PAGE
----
4. I think I would have to slash my wrists if I ever had to live in a gated community. Of course, since I will probably end up in a nursing home, perhaps a gated community could serve as a place to practice.

  5. Given that there must be a city not too far away, I find it amazing and wonderful that you have all those services for 700 people. You'd never,ever find that here. My MIL lives in a town of 4000, an hour's drive over a mountain pass from a bigger centre and there isn't half of what you have. Over here we expect to have to travel and buy everything in bulk to make the trip worthwhile - horrible.

  6. I can relate to this, Friko. We also live in a small village, nestled in the bosom of rural Hampshire. You sum up the scene so well.

  7. This is a very interesting post, Friko, especially for my wife and me. We are considering a move next year and these types of issues are at the forefront of our minds. I don't see a gated community in our future. By the way, your community sounds lovely. As for the provincialism of small communities, it seems to me that this can be alleviated somewhat by developing a community of like-minded friends on the internet. Not perfect, of course, but perhaps helpful to those of us who like rural living in small communities, but prefer the intellectual stimulation of larger communities.

  8. I can only reiterate Friko's comments. I am aware that when I am away from Valley's End I am away from 'home'. I look forward to arriving back. That can only be a good thing?

  9. Really interesting Friko. I have always thought that gated communities indicated a cast of mind which is founded on suspicion (pace any reader who has chosen one). I do understand the occasional burst of claustrophobia and share it but I too live in a community where there is real connection with my neighbours and wouldn't change it.

  10. Very interesting post, Friko. I live in a smaller community then yours and sometimes the nosiness gets to me, but it is also extraordinarily caring (imagine every shower and bday party is in the community hall and at least 250 in attendance!). Same with anyone needing a whip around for a new car or uninsured housefire.
    I wouldn't trade it for the world and find all my expectations of village life have been exceeded.

  11. Your community sounds like a lovely place to live. The idea of a gated community does not appeal to me - I prefer a mingling of whomever wants to live in a neighbourhood.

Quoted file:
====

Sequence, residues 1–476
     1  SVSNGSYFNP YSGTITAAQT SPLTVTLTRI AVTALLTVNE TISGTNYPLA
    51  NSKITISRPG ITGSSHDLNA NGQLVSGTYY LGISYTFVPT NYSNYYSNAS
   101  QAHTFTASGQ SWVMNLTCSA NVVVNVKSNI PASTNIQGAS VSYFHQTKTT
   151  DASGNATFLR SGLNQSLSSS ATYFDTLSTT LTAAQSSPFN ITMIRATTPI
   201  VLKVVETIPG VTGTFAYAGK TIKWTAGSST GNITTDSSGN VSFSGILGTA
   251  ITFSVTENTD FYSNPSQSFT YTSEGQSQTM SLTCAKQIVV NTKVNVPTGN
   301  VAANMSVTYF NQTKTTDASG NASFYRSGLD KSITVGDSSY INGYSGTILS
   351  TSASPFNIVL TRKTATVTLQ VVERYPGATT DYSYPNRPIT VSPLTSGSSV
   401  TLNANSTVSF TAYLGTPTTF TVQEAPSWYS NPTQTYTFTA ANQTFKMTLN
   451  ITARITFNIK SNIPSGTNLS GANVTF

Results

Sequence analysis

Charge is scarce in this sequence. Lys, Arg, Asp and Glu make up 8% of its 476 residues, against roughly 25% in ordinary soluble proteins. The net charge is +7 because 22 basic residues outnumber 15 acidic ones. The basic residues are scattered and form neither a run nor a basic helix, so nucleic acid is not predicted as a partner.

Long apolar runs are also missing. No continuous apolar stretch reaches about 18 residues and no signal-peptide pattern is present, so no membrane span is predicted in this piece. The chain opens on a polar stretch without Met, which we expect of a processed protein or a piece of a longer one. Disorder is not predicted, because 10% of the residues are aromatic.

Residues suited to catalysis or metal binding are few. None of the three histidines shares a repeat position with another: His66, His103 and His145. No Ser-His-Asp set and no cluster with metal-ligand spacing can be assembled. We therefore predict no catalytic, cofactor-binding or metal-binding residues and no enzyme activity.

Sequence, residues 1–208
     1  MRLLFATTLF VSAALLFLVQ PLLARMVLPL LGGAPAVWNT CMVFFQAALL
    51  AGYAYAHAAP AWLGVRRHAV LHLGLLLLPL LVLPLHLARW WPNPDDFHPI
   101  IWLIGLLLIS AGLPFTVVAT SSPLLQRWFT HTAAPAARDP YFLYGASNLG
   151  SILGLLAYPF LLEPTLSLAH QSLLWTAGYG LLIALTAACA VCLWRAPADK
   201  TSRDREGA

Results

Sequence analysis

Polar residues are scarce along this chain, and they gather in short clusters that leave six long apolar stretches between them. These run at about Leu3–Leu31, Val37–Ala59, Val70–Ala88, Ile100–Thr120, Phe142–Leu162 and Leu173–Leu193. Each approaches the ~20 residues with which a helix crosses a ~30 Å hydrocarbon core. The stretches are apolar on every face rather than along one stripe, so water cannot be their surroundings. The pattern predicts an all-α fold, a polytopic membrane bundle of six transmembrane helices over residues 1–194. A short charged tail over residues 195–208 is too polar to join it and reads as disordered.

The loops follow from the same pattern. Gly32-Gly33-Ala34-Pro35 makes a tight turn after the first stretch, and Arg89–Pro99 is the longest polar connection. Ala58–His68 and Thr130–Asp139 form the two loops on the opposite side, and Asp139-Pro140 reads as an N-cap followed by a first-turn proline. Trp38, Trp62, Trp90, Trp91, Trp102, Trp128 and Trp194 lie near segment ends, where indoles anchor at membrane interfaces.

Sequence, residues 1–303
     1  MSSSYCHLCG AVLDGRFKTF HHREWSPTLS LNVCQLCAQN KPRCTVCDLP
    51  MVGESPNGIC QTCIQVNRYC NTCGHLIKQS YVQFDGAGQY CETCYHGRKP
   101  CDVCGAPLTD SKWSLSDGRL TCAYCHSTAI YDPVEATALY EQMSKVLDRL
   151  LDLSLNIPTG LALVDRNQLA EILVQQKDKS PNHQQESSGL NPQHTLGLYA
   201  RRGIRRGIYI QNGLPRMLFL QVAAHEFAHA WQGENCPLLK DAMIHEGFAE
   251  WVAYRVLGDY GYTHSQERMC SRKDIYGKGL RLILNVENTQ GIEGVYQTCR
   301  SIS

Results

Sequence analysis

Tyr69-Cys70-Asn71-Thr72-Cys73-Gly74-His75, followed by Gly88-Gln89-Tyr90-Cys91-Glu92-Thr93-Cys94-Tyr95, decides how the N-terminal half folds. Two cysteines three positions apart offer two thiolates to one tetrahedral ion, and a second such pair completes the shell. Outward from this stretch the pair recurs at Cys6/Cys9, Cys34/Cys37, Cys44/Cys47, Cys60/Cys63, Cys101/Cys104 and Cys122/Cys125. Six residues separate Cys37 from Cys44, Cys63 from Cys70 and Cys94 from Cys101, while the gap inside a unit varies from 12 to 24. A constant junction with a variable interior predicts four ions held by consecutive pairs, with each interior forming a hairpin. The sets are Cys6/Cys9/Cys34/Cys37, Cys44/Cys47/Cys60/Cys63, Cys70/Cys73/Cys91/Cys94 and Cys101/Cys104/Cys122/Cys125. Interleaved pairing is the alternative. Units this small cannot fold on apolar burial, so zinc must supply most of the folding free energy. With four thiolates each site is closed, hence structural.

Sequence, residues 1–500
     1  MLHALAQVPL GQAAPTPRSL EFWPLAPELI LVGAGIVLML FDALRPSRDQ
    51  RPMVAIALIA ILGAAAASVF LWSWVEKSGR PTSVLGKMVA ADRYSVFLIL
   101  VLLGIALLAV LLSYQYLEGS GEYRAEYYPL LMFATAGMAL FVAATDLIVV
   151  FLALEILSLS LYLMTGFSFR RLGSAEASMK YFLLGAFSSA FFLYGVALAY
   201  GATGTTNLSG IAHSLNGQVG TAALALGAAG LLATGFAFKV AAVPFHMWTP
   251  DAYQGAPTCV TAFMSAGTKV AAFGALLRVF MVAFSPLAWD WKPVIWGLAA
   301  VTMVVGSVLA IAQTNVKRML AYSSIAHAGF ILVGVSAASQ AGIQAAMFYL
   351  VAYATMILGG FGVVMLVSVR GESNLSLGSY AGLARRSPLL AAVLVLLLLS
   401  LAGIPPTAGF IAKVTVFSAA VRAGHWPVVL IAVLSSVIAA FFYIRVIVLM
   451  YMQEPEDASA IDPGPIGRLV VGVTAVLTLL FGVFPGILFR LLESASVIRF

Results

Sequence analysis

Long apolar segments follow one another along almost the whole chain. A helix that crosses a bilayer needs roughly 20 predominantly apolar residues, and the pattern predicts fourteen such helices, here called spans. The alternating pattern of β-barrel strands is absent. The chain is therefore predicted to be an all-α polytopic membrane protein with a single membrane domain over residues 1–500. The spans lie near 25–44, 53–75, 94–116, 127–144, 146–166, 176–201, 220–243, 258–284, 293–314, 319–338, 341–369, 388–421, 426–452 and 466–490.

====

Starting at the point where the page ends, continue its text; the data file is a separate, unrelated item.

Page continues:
12. I don't know where the links are coming from. I didn't do it, honest!

  13. We are seeing more and more gated communities in our rural county. I'm not fond of them but it's often their residents who provide volunteer manpower for various local institutions.

  14. i envy you - when i was a kid we used to play in the entries behind houses without ever causing any problems - now each and every one has a gate to guard against burglars

    What's worse is that when i moved into my current house i was forced into a position of having to put up a gate - to stop my drunk neighbours climbing into my garden at night.

  15. Friko - I found this post very interesting; Having lived most of my life in cities I had a romantic ideal of village life, based on childhood memories of visuts to my grandparents village on the Shropshire?Welsh border. When we came to live in England we ventured into a village and lived there for 10 years, running the shop, post office and tearooms. At first we loved it but by the end of the 10 years of witnessing petty squabbles that esculated into all out wars we concluded village life was not for us. We sold up and moved to London - where I am delighted to say that although I greet my neighbours when I see them I know not what they had for dinner, what they watched on TV nor where they buy their underwear. In Cape Town a number of friends lived in gated communities and I thought they were just as bad as they sound!

  16. Such an interesting post and as you say, neighbourlyness is a far more preferable way to interact with one another!

  17. Definitely NOT a gated community person here. We looked at those before retiring and just read a few of the posts on the community club house bulletin board and you will get the drift! People who only want to be around people that think like them and act like them...and still they will judge closely.